8051, addition of 32-bit numbers

Discussion in 'Embedded Systems and Microcontrollers' started by PG1995, Jun 17, 2012.

  1. PG1995

    Thread Starter Active Member

    Apr 15, 2011
    753
    5
    Hi

    The result I'm getting on the simulator is different from the one which I get when I do the problem by hand. What's wrong? Please help me. Thank you.


    Code ( (Unknown Language)):
    1.  
    2. ;Write a program to add two 32-bit numbers stored in RAM locations.
    3.  
    4. ;Let's assume that the numbers are stored at RAM location 40-43H and 50-53H respectively.
    5.  
    6. ORG 0H
    7.         MOV 40H, #23
    8.         MOV 41H, #15
    9.         MOV 42H, #60
    10.         MOV 43H, #70
    11.  
    12.         MOV 50H, #30
    13.         MOV 51H, #40
    14.         MOV 52H, #63
    15.         MOV 53H, #77
    16.  
    17.         MOV R0, #40H    ;pointer of bank 0
    18.         MOV R1, #60H    ;result storage bank 0
    19.         MOV R2, #4    ;counter
    20.         SETB RS0
    21.         MOV R1, #50H    ;pointer bank 1
    22.         CLR RS0
    23.         CLR C
    24.  
    25.     REPEAT:    MOV A, @R0
    26.         SETB RS0
    27.         ADDC A, @R1
    28.         INC R1
    29.         CLR RS0
    30.         MOV @R1, A
    31.         INC R0
    32.         INC R1
    33.         DJNZ R2, REPEAT
    34.  
    35.         JNC EXIT
    36.         INC @R1
    37.  
    38.     EXIT:    NOP
    39.         SJMP $
    40.  
    41. END
    42.  
     
  2. absf

    Senior Member

    Dec 29, 2010
    1,493
    372
    If you look at your simulator closely, you'd find that your numbers in decimal are already converted to Hex by the assembler before doing the addition.

    70 60 15 23 dec -> 46 3c 0F 17 hex
    77 63 40 30 dec -> 4D 3F 28 1E hex

    In 8051, if you want to do BCD addition, you have to load the numbers in Hex (0-9 only) and make use of the AC flag (Auxiliary Carry Flag) to adjust any carry from bit 3 to bit 4.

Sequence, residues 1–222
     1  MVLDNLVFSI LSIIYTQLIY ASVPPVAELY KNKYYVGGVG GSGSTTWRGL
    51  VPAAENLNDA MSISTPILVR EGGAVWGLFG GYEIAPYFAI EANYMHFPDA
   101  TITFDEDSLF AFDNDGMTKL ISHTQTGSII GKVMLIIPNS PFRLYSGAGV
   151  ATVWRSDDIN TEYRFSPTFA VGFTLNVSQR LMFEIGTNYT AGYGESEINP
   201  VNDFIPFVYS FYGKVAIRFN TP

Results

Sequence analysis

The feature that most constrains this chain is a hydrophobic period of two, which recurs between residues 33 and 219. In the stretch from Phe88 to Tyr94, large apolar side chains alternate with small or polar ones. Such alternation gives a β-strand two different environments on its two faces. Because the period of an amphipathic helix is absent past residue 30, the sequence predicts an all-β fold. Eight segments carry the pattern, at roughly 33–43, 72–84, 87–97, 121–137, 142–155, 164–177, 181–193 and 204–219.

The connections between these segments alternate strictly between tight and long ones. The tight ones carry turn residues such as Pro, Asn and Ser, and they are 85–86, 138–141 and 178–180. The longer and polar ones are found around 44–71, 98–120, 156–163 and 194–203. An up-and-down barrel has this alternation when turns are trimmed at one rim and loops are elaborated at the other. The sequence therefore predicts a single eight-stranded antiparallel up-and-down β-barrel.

Allen
     
  3. PG1995

    Thread Starter Active Member

    Apr 15, 2011
    753
    5
    Hi Allen

    I'm sorry but I don't get your point. I'm not doing BCD addition. I'm aware that the assembler automatically converts the decimal numbers into hex numbers but I'm still not able to see why I'm getting wrong result. Could you please elaborate a little more? Thank you.

    Regards
    PG
     
  4. absf

    Senior Member

    Dec 29, 2010
    1,493
    372
    But 70 60 15 23 dec <> 46 3C 0F 17 hex. Check it out with a scientific calculator.

    Using a simple example here to substitute into your program:
    12 34 dec -> 41H=0C 40H=22

    Now convert 0C22 hex back to decimal again would give 3106dec and NOT 1234dec.

    And if you convert 1234 to hex using a calculator it should give you 4D2 and not C22.

    Hope the explanation is clear now.

    Allen
     
    PG1995 likes this.
  5. absf

    Senior Member

    Dec 29, 2010
    1,493
    372
  6. PG1995

    Thread Starter Active Member

    Apr 15, 2011
    753
    5
    Thank you, Allen. :)

    Let me rephrase what you have already mentioned above. When we store 12D into memory location 41H, it becomes 0CH, and storing 34D into memory location 40H would make it 22H. In short, 12 34 <=> 0C 22. But the scientific calculator doesn't give the same result; the result we get is: 1234 <=> 4D2.

    Well, why don't we get same results in both cases?! :confused: Could you please tell me the reason?

    Regards
    PG
     
  7. absf

    Senior Member

    Dec 29, 2010
    1,493
    372
    This has something to do with the number weight system...

    if you break 1234D into 12D & 34D in decimal system, it is same as saying
    12*100 + 34*1 = 1200 + 34 = 1234

    But the hex equivalent of "12" which is 0CH & "34" as 22H has the value of
    0C*100H + 22*1H = 12*256D + 34*1D = 3106

    Allen
     
    PG1995 likes this.
  8. PG1995

    Thread Starter Active Member

    Apr 15, 2011
    753
    5
    So, the conclusion of this discussion is that when doing addition problem one should should hex numbers and not decimal. Right? For example, if I had input numbers, then there wouldn't be any contradictory results. Thank you.

    Best wishes
    PG
     
  9. absf

    Senior Member

    Dec 29, 2010
    1,493
    372
    Only in multiple precision numbers that used up more than one byte in a 8-bit mpu/mcu. If you are able to enter 32 bit number on a 32 bit machine in one instruction. there should be no problem.

    Allen
     
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